A short “Declaration of Correlate” proposal form is available on line at the Asian Studies Program home page, and in the Asian Studies Program Office. On this form students prepare a short, one paragraph proposal and a list of the six planned courses, after consulting the course list in the catalog and discussing the sequence with an adviser. Declaration proposals should describe the focus of the coursework and how it complements the student’s major. The proposal must be approved by the program director.

I. Program Courses*

101a. Approaching Asia (1)

An introductory course in Asian Studies that is multi-disciplinary in approach and/or multicultural in area. May be repeated for credit when a new topic is offered.

Topic for 2006/07: Approaching Asia: Culture, Colonialism, and Modernity. This course seeks to convey the diversity of “lived experience” in the Asian region through a close and careful reading of significant literature/novels from some of the major areas, e.g. China, Japan, Indonesia, Korea, India/Pakistan, West Asia, and also to conceptualize and theorize the singularity and commonality of some of these lived experiences by addressing the broader “theoretical “/social science questions that speak to them. Mr. Muppidi.

Two 75-minute periods.

Open to all students.

101b. Approaching Asia: Literary Paradigms of Traditional Asia (1)

An introductory survey of the classical literary and cultural traditions of East and South Asia. The course focuses on the foundational ideals of Asian cultures as well as their “prevailing paradigms” found in literature, fine arts, and philosophical texts whose influence continues on to this day. Topics include (from India) Vedic Hymns, Epics, the Presence of the Buddha; (from Japan) the Way of the Warrior, the Lover from the Tales of Genji, and the Aesthetics of Emptiness; (from China) the Philosophy of Confucious, the Taoist Way of Zhuangzi, and the Dream of the Red Chamber. Mr. Jarow.

Two 75-minute periods.

Open to all students.

[110b. Asian Studies Study Trip] (1)

Normally the study trip takes place during the spring semester break, rotating to different destinations in Asia. Enrollment for the trip is determined early in the Fall semester.

Prerequisite: permission of instructor.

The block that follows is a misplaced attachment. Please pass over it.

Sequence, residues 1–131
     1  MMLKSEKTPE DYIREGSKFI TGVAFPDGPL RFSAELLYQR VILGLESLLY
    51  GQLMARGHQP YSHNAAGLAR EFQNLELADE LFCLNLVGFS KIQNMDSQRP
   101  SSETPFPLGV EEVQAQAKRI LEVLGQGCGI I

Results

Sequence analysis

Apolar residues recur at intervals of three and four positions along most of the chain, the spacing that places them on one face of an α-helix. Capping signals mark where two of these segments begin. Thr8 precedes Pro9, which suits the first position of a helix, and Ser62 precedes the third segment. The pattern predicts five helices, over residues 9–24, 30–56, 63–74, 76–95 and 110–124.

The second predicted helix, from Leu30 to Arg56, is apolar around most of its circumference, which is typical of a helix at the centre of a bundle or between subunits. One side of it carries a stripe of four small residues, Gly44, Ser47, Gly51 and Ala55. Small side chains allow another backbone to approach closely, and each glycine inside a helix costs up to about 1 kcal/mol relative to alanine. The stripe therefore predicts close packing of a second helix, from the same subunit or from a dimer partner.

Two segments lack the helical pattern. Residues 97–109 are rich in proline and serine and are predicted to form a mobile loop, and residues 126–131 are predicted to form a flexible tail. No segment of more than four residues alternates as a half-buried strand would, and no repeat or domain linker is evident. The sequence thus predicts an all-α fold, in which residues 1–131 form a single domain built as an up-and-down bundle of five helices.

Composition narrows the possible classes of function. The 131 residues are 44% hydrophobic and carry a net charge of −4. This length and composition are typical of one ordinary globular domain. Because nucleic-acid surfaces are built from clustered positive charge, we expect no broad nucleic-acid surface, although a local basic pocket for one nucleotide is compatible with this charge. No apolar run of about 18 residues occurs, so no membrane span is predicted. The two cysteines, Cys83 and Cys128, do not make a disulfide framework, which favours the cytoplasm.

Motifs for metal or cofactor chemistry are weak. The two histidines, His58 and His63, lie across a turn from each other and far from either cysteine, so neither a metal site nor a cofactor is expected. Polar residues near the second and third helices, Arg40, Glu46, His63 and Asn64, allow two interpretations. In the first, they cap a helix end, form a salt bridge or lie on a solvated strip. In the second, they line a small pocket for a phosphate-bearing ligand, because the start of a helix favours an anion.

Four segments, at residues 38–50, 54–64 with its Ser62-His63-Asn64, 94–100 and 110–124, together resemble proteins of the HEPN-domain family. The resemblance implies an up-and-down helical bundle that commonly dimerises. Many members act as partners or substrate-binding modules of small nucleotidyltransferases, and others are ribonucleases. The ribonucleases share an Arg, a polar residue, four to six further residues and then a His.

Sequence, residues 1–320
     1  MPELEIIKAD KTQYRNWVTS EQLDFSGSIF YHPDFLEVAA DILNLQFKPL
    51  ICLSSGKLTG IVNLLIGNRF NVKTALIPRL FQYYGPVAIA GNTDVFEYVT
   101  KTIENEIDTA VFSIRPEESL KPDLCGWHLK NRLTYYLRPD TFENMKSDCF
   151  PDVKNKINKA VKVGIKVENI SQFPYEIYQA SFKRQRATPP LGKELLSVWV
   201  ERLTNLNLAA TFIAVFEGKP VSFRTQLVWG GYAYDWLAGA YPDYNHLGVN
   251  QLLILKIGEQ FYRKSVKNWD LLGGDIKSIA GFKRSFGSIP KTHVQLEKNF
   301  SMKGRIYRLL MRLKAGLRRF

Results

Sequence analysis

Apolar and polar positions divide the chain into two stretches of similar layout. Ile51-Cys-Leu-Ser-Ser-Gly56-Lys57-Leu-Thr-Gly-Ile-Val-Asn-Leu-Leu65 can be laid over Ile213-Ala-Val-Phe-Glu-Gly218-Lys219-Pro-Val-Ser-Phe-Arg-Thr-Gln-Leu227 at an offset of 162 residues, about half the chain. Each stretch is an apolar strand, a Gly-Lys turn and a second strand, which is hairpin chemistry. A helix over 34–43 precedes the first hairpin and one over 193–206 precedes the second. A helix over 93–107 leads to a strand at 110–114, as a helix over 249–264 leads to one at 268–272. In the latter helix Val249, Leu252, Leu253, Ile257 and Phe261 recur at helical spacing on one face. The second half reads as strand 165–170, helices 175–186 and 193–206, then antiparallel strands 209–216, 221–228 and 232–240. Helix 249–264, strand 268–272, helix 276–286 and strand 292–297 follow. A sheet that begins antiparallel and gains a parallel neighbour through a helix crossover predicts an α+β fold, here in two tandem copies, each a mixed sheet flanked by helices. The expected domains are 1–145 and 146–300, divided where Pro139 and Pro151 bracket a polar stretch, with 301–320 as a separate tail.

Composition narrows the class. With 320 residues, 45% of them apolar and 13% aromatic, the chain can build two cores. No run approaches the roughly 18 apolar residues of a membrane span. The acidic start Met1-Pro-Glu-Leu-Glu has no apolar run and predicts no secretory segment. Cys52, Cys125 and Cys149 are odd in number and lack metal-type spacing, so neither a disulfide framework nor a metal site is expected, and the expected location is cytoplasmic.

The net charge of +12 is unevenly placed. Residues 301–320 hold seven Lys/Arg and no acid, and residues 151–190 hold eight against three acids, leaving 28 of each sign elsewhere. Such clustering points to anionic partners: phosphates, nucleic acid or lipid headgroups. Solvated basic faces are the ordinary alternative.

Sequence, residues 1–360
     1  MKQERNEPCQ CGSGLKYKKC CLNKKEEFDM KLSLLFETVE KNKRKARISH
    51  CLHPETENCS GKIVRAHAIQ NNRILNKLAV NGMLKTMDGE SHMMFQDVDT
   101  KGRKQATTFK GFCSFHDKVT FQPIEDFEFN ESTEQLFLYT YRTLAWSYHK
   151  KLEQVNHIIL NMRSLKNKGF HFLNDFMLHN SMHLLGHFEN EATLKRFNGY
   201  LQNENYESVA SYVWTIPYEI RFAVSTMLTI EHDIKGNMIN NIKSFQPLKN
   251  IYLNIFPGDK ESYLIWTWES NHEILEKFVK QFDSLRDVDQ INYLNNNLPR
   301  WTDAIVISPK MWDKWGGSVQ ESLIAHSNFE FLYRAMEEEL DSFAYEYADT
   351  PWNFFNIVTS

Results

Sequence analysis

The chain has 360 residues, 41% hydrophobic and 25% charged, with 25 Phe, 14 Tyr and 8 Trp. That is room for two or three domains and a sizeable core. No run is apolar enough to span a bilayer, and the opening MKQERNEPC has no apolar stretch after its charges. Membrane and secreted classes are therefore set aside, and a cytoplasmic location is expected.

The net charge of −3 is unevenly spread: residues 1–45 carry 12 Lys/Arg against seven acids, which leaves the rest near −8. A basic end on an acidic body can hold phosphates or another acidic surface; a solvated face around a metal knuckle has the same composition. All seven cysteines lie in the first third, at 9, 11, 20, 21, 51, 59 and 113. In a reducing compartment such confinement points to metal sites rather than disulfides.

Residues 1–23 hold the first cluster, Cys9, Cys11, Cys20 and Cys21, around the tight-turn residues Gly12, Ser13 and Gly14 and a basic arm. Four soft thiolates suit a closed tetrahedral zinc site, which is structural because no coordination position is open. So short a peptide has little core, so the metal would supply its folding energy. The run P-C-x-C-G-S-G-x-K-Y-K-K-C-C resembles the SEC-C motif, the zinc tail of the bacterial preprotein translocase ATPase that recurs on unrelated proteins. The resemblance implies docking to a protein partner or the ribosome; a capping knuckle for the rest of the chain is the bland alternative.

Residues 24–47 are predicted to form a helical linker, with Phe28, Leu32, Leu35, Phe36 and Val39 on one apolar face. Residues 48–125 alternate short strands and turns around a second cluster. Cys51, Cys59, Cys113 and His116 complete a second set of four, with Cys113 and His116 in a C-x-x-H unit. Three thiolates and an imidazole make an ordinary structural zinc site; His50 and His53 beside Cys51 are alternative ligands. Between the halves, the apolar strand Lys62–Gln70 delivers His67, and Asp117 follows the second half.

Not offered in 2006/07.

152a and b. Religions of Asia (1)

(Same as Religion 152) This course is an introduction to the religions of Asia (Buddhism, Confucianism, Hinduism, Zen, Shinto, etc.) through a study of practices, sites, sensibilities, and doctrines. The focus is comparative as the course explores numerous themes, including creation (cosmology), myth, ritual, action, fate and destiny, human freedom, and ultimate values. Mr. Jarow, Mr. Walsh.

Open to all students.

214a. Tumultuous Century: Twentieth Century Chinese Literature (1)

(Same as Chinese 214) Mr. Liu.

[231a. Hindu Traditions] (1)

(Same as Religion 231) Mr. Jarow.

Not offered in 2006/07.

[232b. Imagining the Dao: Daoism and Chinese Culture] (1)

(Same as Religion 232) Mr. Walsh.

Not offered in 2006/07.

[233a. Buddhist Traditions] (1)

(Same as Religion 233) Mr. Jarow.

Not offered in 2006/07.

[235a. Religions of China] (1)

(Same as Religion 235) Mr. Walsh.

Not offered in 2006/07.

236b. The Making of Modern East Asia (1)

(Same as Geography 236). Ms. Zhou.

[254b. Chinese Politics and Economy] (1)

(Same as Political Science 254) This course offers a historical and thematic survey of Chinese politics, with an emphasis on the patterns and dynamics of political development and reforms since the Communist takeover in 1949. In the historical session, we examine major political events up to the reform era, including China’s imperial political system, the collapse of dynasties, civil war, Communist Party’s rise to power, land reform, the Great Leap Forward, the Cultural Revolution, and launch of reform. Thematic session deals with some general issues of governance, economic reform, democratization, globalization and China’s relations with Hong Kong, Taiwan and the United States. This course is designed to help students gain some perspectives to comprehend political issues in contemporary China. Mr. Su.

Not offered in 2006/07.

255b. History of India (1)

This course focuses on the history and historiography of British India from the mid-eighteenth to the mid-twentieth centuries. Readings draw on current historical scholarship, primary sources and fiction in order to understand the complex and sometimes unanticipated outcomes of the colonial encounter in the Indian subcontinent. The course provides a chronological as well as thematic account of colonial history, focusing on the formation of the modern state, as well as the institutions of civil society. This class also critically examines colonial and nationalist discourses on race, gender, caste and religious community during this period. Ms. Paidipaty.

Two 75 -minute periods.

Open to non-majors.

[267. East Asian Security] (1)

(Same as Political Science 267) Mr. Su.

Not offered in 2006/07.

272b. Comparative Education (1)

(Same as Education 272) Mr. Bjork.

280b. Japan in the Age of the Samurai (1)

This course explores pre-modem Japan from the late-1100s to the mid-1800s, when it was ruled by a warrior class, or the samurai. Social and cultural developments at the popular as well as elite levels are emphasized, and assigned readings include many primary materials in translation. The most distinctive feature of the course is a weekly screening of classic Japanese feature films dealing with the course themes. This course offers not only an historical introduction to pre-modern Japanese society and culture, but also a graphic impression of how the past is visualized in contemporary Japan. Mr. Shimoda.

One 75-minute period.

One 2-hour film screening.

290a or b. Field Work ( 1/2 or 1)

Prerequisites: 2 units of Asian Studies Program or approved coursework and permission of the program director.

298a or b. Independent Study ( 1/2 or 1)

Prerequisites: 2 units of Asian Studies Program or approved coursework and permission of the program director.

300-301. Senior Thesis ( 1/2)

A 1-unit thesis written over two semesters.

302a or b. Senior Thesis (1)

A 1-unit thesis written in the fall or spring semester. Students may elect this option only in exceptional circumstances and by special permission of the program director.

306a. Women’s Movements in Asia (1)